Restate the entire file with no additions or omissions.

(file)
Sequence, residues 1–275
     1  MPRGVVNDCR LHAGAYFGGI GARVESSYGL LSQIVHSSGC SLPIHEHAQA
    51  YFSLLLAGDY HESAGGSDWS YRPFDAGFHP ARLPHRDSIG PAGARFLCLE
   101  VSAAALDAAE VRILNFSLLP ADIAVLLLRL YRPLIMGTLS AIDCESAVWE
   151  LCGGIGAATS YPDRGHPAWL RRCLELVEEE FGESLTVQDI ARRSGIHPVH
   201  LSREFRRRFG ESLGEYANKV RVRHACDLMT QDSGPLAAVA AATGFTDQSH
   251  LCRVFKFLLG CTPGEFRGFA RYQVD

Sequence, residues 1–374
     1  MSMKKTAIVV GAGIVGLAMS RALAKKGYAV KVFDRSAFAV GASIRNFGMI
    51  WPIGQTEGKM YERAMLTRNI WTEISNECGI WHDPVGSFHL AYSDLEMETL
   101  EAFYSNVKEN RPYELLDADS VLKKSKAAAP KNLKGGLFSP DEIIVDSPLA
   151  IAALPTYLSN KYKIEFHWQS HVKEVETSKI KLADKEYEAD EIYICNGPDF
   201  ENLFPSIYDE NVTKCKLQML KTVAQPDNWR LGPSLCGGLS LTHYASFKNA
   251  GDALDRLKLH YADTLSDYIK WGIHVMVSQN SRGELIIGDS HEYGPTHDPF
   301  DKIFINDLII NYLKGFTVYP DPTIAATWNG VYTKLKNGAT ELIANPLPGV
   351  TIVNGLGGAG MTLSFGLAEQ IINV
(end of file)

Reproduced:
Sequence, residues 1–275
     1  MPRGVVNDCR LHAGAYFGGI GARVESSYGL LSQIVHSSGC SLPIHEHAQA
    51  YFSLLLAGDY HESAGGSDWS YRPFDAGFHP ARLPHRDSIG PAGARFLCLE
   101  VSAAALDAAE VRILNFSLLP ADIAVLLLRL YRPLIMGTLS AIDCESAVWE
   151  LCGGIGAATS YPDRGHPAWL RRCLELVEEE FGESLTVQDI ARRSGIHPVH
   201  LSREFRRRFG ESLGEYANKV RVRHACDLMT QDSGPLAAVA AATGFTDQSH
   251  LCRVFKFLLG CTPGEFRGFA RYQVD

Sequence, residues 1–374
     1  MSMKKTAIVV GAGIVGLAMS RALAKKGYAV KVFDRSAFAV GASIRNFGMI
    51  WPIGQTEGKM YERAMLTRNI WTEISNECGI WHDPVGSFHL AYSDLEMETL
   101  EAFYSNVKEN RPYELLDADS VLKKSKAAAP KNLKGGLFSP DEIIVDSPLA
   151  IAALPTYLSN KYKIEFHWQS HVKEVETSKI KLADKEYEAD EIYICNGPDF
   201  ENLFPSIYDE NVTKCKLQML KTVAQPDNWR LGPSLCGGLS LTHYASFKNA
   251  GDALDRLKLH YADTLSDYIK WGIHVMVSQN SRGELIIGDS HEYGPTHDPF
   301  DKIFINDLII NYLKGFTVYP DPTIAATWNG VYTKLKNGAT ELIANPLPGV
   351  TIVNGLGGAG MTLSFGLAEQ IINV